The Sun in Hα

This image is taken through a filter centered on a spectral line of Hydrogen (Hα, wavelength λ = 6563Å) that forms above the surface of the Sun, although large sunspots are still visible. Active regions and plages also show up brighter than their surroundings.

August 11, 1980: Hα image

August 11, 1980: Hα image

Moreover, in most cases the location of bright Hα regions on the disk coincides with the location of sunspots and active regions. Interesting new features seen on this image are filaments, dark string-like structures visible on the disk, and prominences, bright structures extending outward over the limb. Physically, filaments and prominences are one and the same, namely condensations of cooler gas high up in the solar atmosphere. Their distinctive appearances are a geometrical effect: seen against the bright solar disk, dense cool gas absorbs and scatters sunlight away from the line of sight, and so looks dark; seen above the solar limb against the dark sky, dense cool gas scatters sunlight into the line of sight, and appears bright. Filaments can be rather long-lived, and can often be seen moving across the disk, carried by rotation on successive daily Hα images such as this one.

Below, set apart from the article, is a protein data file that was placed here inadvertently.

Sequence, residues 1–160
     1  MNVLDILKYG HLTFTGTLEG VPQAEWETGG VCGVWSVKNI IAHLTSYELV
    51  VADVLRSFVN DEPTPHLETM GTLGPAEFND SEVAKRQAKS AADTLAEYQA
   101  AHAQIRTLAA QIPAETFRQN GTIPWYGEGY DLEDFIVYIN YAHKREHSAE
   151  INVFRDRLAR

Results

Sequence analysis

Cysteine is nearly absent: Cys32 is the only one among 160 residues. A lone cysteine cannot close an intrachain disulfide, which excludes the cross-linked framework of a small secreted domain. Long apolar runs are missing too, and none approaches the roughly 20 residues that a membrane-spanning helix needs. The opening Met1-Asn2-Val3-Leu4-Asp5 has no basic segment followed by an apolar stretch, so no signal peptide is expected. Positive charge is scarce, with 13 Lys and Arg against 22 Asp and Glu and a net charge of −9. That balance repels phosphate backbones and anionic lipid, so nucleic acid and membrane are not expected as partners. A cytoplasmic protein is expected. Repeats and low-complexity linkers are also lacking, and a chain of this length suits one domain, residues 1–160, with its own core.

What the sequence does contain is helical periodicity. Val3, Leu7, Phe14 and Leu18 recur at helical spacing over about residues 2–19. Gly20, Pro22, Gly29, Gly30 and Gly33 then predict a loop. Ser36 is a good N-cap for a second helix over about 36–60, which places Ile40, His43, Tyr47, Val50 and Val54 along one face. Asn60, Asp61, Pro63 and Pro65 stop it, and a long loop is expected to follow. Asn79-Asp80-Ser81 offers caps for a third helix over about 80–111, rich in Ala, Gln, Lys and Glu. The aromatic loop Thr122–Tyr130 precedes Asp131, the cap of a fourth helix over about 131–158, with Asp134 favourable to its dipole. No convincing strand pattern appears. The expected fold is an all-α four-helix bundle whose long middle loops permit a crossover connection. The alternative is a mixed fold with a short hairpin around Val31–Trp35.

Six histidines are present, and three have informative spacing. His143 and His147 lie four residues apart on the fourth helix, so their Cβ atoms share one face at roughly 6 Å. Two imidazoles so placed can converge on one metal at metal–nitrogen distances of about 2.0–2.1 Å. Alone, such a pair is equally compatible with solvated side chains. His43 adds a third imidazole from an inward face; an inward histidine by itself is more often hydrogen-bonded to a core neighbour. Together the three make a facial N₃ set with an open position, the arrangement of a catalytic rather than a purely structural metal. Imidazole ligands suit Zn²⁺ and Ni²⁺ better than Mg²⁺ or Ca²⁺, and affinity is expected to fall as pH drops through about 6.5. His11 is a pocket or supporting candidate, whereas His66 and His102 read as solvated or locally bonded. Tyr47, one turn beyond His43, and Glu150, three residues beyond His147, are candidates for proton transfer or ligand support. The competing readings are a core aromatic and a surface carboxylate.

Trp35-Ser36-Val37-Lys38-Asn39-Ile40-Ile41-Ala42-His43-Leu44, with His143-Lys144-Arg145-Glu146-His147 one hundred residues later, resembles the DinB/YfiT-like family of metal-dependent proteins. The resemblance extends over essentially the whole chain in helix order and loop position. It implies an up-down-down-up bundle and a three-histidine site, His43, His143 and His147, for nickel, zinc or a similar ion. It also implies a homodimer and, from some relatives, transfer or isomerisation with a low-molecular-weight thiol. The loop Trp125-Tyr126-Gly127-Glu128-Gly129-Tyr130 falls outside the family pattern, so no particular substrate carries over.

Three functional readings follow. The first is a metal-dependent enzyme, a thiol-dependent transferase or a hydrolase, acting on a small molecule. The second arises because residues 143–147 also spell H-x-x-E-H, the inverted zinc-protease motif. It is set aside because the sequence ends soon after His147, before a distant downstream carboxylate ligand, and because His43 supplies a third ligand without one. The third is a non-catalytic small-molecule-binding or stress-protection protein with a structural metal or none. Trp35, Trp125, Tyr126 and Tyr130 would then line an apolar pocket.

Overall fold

Written By P. Charbonneau and O.R. White–April 18, 1995

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